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Slovakia to challenge EU decision to relocate 120,000 refugees

Slovakia's prime minister says his country is challenging a European Union decision to redistribute 120,000 asylum seekers.

Robert Fico says Slovakia is not ready to accept the plan to share the burden of migrants across the EU.

"We won't implement this decision because we think it can't work," he told reporters ahead of a meeting of EU leaders in Brussels.

Slovakia opposed the plan along with the Czech Republic, Romania and Hungary.

Mr Fico described the quota system as "irrational" and says his country "is not ready to respect it. We always rejected it as nonsense".

Czech Prime Minister Bohuslav Sobotka said he will not take legal action against the plan.

In an email message, Mr Sobotka said: "Even though I don't like the use of the quotas, I don't agree with them and we voted against them, Europe must not fall apart over solving the migrant crisis."

He continued: "That's why I don't want to escalate the tension by challenge it with legal actions. There are more battles ahead of us over a realistic approach to the migrant crisis and we need our partners in Europe to listen to our arguments."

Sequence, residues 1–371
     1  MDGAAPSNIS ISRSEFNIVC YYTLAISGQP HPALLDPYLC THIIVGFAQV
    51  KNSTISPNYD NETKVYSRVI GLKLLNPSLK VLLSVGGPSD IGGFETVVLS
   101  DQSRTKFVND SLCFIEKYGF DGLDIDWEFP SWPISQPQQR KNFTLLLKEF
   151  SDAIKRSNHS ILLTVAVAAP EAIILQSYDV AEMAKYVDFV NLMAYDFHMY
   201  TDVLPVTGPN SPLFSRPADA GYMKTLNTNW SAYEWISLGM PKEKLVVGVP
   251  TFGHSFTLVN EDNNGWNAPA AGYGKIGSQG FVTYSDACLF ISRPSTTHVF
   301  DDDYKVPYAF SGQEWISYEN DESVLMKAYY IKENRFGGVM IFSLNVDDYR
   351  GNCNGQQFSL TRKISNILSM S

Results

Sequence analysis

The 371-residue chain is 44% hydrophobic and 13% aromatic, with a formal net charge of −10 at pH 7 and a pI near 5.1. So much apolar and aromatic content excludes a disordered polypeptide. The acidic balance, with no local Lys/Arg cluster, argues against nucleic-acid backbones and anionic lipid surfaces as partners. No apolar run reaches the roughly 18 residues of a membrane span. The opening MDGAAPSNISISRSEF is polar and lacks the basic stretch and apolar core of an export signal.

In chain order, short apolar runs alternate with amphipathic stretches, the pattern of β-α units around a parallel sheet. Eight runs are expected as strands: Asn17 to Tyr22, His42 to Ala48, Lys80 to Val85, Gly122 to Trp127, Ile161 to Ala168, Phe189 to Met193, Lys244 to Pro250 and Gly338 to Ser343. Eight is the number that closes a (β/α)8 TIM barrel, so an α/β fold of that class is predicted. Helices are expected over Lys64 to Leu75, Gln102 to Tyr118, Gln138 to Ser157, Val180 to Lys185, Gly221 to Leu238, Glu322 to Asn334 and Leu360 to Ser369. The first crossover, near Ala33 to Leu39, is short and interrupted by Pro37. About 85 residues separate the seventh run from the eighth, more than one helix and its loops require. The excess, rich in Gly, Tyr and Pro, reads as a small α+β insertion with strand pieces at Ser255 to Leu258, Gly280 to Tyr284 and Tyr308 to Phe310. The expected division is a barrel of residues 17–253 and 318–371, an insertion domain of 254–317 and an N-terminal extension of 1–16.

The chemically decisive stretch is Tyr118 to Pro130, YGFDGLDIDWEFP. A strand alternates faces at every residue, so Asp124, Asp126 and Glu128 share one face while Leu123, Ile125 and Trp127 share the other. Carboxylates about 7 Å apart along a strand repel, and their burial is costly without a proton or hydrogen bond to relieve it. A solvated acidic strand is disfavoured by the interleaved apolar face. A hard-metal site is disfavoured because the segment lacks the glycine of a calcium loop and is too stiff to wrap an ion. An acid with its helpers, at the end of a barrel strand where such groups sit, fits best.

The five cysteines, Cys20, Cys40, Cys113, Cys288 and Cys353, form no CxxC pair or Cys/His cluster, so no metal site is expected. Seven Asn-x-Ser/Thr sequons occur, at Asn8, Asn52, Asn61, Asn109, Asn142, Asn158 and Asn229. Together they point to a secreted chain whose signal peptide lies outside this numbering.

Romania's president says his country can cope with the extra migrants the European Union wants it to receive, but disagrees with the way the matter was decided.

President Klaus Iohannis said Romania would be asked to take around 2,400 extra on top of the 1,785 already agreed.

Mr Iohannis said "it is an unusual and inopportune thing that a vote was forced", but added that "Romania is not against refugees, or receiving refugees".

He said quotas "take into account the realities of every state".

European Union leaders have been called to an emergency summit to seek long-term responses to the crisis.

In a letter to presidents and prime ministers of member states, EU President Donald Tusk wrote: "There is a long list of issues where we could blame one another, but it will not help us in finding a common solution."

He added: "Today we must absolutely work out policies that we can implement in order to help each other."

Slovakian media used strong words to express bitter feelings after the plan was approved.

A headline in business daily Hospodarske Noviny, said: "The Germans won a blitzkrieg."

The daily Pravda's front page said: "Slovakia suffered a loss in its fight against the quotas."

Meanwhile, around 2,500 migrants and refugees have arrived at the main border point between Austria and Hungary, a day after 5,000 crossed into Austria.

An Austrian police spokesman said the new arrivals were transported to the Hungarian side of the Nickelsdorf crossing point early on Wednesday. They are walking into Austria from there.


From Belfast Telegraph